Abstract 18759: Vascular Smooth Muscle Cells Derived From Inbred Swine Induced Pluripotent Stem Cells for Vascular Tissue Engineering
Introduction: Development of autologous tissue-engineered vascular constructs using vascular smooth muscle cells (VSMCs) derived from human induced pluripotent stem cells (hiPSCs) holds great potential in treating patients with vascular defects. However, preclinical, large animal iPSC-based cellular and tissue models are required to evaluate the safety and efficacy prior to clinical application of hiPSC-based therapies.
Hypothesis: Continual expression of ectopic reprogramming factors blocks efficient lineage differentiation and VSMC derivation, and vascular tissue can be readily engineered from swine iPSC (siPSC)-derived VSMCs.
Methods: Doxycycline-inducible reprogramming factors were introduced into fetal fibroblasts from inbred Massachusetts General Hospital (MGH) miniature swine that receive heart grafts without immunosuppression within the colony. A novel and highly efficient embryoid body (EB)-based approach was used to differentiate siPSCs into functional VSMCs. Vascular tissues were engineered from siPSC-VSMCs with biodegradable polyglycolic acid (PGA) scaffolds as well as scaffold-free, self-assembly approach.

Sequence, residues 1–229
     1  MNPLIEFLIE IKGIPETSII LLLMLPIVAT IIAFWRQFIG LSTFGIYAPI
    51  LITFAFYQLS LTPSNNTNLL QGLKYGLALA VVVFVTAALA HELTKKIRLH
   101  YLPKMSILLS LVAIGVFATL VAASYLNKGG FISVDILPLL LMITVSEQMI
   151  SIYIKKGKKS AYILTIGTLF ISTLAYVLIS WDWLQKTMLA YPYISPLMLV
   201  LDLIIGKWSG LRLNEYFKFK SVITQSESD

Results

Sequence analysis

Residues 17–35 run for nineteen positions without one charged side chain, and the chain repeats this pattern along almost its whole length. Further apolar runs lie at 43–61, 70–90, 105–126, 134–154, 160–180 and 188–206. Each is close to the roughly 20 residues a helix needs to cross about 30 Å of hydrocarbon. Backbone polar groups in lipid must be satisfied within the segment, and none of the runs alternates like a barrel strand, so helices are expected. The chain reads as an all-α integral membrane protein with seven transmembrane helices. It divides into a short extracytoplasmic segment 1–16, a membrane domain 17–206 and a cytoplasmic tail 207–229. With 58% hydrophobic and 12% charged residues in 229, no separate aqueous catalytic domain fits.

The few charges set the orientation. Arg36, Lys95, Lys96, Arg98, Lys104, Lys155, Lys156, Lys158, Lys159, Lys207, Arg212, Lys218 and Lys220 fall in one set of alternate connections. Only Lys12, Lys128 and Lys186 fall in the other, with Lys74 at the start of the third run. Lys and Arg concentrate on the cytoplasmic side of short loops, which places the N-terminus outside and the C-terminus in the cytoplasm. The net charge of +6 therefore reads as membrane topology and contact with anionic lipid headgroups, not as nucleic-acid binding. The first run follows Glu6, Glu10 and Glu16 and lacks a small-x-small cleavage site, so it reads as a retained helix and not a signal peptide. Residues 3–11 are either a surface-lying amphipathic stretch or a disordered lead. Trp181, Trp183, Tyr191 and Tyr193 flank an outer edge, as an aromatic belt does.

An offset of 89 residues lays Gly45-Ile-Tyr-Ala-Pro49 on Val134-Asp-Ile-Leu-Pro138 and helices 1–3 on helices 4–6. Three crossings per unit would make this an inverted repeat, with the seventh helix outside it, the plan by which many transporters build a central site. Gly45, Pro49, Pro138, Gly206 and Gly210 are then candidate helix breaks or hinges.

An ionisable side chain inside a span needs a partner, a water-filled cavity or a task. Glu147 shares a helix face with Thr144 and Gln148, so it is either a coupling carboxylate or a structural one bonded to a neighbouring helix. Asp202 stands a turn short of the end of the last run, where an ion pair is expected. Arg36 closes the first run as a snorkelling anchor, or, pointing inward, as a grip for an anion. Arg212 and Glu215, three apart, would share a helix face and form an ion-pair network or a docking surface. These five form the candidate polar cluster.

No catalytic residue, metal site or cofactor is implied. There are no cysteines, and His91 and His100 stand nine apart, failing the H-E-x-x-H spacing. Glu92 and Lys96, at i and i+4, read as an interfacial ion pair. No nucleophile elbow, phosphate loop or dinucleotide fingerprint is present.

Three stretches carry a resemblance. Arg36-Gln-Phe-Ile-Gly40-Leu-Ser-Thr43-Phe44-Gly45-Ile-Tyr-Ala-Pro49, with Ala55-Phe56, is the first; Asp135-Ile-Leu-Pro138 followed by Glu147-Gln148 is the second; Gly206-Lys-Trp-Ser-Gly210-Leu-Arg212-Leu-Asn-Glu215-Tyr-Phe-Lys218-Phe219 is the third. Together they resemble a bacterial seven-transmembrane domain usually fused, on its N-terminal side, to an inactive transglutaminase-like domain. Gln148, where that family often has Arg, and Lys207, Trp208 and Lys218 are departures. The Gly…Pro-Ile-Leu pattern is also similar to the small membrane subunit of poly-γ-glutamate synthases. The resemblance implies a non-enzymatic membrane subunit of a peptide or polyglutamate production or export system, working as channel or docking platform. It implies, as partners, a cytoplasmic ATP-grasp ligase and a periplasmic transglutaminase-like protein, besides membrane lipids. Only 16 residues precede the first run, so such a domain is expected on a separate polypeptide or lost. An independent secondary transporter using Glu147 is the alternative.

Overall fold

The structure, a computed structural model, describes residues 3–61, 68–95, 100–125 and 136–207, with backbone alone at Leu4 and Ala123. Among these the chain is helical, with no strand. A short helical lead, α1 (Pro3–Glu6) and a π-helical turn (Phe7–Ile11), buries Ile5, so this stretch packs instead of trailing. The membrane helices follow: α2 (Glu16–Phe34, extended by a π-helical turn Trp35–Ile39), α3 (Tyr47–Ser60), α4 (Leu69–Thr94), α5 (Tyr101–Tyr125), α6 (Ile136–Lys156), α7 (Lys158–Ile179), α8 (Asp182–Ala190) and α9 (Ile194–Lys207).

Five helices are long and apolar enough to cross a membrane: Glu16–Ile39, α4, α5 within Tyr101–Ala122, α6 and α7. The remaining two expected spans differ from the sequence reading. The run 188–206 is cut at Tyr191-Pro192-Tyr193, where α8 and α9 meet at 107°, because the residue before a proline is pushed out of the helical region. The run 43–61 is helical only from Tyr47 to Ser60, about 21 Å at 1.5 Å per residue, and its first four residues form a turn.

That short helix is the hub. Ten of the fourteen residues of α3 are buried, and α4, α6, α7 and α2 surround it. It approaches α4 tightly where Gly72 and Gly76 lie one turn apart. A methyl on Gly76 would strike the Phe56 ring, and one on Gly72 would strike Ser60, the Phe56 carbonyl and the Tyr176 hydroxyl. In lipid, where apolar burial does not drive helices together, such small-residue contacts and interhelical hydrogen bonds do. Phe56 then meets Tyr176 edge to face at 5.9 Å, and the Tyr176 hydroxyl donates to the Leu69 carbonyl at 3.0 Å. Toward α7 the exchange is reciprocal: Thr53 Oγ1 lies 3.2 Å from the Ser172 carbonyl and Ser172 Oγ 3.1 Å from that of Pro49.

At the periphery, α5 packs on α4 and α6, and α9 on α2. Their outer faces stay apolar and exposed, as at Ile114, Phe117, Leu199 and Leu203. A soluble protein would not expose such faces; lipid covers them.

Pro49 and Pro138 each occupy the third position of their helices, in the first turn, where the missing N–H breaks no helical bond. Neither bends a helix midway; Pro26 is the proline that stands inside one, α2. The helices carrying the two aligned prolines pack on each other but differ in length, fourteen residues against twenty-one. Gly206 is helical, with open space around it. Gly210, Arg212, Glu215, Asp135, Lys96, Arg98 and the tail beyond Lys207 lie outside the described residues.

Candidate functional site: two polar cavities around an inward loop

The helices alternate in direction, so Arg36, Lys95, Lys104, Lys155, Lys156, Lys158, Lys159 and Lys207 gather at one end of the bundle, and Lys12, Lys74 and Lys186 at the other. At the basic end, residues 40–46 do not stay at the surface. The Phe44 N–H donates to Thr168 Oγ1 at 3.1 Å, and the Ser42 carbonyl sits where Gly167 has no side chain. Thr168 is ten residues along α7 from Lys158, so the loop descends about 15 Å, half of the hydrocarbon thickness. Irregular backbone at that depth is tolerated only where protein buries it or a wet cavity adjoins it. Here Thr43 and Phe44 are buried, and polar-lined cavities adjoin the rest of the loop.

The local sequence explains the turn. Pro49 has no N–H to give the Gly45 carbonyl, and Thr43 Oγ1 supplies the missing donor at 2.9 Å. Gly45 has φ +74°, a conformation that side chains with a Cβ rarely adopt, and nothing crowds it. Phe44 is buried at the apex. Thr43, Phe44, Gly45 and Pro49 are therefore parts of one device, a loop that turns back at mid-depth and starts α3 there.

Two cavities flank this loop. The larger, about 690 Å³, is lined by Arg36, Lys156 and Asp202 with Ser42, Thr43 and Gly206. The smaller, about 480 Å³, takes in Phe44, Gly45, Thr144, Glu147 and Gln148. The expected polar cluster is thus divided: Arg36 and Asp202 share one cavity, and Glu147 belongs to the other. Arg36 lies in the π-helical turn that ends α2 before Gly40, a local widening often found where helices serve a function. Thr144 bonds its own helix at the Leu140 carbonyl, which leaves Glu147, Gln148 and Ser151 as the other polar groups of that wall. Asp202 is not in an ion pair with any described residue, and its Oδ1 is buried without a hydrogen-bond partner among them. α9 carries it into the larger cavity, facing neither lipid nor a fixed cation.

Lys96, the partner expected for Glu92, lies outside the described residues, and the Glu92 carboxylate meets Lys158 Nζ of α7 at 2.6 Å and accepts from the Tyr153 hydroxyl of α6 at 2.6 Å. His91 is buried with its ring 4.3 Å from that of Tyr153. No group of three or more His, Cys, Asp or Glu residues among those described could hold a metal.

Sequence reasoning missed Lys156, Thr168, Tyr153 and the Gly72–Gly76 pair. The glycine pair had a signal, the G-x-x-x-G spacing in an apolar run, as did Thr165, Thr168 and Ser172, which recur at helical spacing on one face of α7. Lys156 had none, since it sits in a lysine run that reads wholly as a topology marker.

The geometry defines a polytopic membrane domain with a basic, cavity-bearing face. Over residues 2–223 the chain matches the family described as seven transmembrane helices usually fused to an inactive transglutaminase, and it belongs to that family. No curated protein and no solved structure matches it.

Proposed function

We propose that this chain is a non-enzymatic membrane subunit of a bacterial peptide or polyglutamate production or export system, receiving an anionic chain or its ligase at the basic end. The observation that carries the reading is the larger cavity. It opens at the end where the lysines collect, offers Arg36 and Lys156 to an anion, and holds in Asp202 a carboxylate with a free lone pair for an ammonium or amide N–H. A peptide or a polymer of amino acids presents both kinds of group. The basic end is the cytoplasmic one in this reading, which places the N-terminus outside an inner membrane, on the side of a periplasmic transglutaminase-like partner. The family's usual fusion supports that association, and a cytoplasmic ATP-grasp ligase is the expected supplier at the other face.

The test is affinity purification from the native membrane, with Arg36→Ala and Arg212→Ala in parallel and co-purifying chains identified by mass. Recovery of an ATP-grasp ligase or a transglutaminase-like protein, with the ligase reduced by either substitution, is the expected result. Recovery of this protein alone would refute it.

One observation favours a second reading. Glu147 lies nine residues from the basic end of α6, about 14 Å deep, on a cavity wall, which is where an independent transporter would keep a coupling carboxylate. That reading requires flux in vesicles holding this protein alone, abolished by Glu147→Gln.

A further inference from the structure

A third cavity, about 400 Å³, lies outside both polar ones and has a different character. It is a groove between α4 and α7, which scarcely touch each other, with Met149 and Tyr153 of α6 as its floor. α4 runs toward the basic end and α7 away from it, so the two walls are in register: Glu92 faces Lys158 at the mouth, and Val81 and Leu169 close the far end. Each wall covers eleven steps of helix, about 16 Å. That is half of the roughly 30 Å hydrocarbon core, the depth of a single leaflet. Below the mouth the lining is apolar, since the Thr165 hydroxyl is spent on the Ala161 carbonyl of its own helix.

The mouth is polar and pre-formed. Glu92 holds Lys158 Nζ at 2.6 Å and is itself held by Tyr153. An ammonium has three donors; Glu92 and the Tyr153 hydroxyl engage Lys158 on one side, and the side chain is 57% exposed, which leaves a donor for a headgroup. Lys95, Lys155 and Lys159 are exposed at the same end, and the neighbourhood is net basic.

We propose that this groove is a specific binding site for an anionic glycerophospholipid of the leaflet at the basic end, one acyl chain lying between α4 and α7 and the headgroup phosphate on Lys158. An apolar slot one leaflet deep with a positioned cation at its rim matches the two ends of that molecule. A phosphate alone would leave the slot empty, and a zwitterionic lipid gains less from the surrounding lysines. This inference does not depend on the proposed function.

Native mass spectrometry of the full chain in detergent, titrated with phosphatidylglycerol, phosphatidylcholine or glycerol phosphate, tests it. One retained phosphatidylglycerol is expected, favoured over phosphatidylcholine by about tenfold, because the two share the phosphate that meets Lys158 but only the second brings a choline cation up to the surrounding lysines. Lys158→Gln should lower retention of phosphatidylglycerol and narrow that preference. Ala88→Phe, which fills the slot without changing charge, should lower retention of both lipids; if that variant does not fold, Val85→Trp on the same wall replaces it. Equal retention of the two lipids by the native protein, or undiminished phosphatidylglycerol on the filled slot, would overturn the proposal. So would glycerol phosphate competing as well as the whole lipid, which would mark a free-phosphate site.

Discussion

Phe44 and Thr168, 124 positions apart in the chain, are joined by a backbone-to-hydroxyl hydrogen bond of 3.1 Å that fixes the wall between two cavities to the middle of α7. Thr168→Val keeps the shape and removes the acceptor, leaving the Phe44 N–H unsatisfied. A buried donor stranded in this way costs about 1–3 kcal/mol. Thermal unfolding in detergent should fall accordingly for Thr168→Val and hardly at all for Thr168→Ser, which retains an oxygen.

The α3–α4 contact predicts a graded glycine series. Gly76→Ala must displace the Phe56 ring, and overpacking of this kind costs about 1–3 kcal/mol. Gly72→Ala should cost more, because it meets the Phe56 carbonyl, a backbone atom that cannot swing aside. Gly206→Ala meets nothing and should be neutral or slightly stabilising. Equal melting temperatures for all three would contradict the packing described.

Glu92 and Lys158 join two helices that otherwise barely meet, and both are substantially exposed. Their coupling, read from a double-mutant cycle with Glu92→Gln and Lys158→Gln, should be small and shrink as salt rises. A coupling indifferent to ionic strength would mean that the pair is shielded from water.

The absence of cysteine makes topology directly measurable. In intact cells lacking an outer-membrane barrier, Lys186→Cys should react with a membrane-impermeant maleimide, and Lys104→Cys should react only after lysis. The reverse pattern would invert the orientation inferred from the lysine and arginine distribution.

Results: Herein, siPSC lines were successfully established from inbred MGH miniature swine fetal fibroblasts. Highly enriched, functional VSMCs were derived from siPSCs based on the addition of ascorbic acid and the inactivation of reprogramming factor via doxycycline withdrawal. Moreover, siPSC-VSMCs seeded onto biodegradable PGA scaffolds readily formed vascular tissues, which were implanted subcutaneously into immunodeficient mice and showed further maturation revealed by expression of mature marker smooth muscle myosin heavy chain (SMMHC). Finally, using a robust cellular self-assembly approach, we developed 3D tissue rings from siPSC-VSMCs that showed comparable mechanical properties to those from swine primary VSMCs.
Conclusions: Our studies represent the development of the first engineered vascular constructs based on inbred siPSCs, and offer great opportunities for preclinical investigation of autologous hiPSC-based vascular tissues for patient treatment.
Author Disclosures: Y. Qyang: None. J. Luo: None. L. Qin: None. M. Kural: None. D. Kotton: None. R. Hawley: None. D.H. Sachs: None. L. Niklason: None.
- © 2016 by American Heart Association, Inc.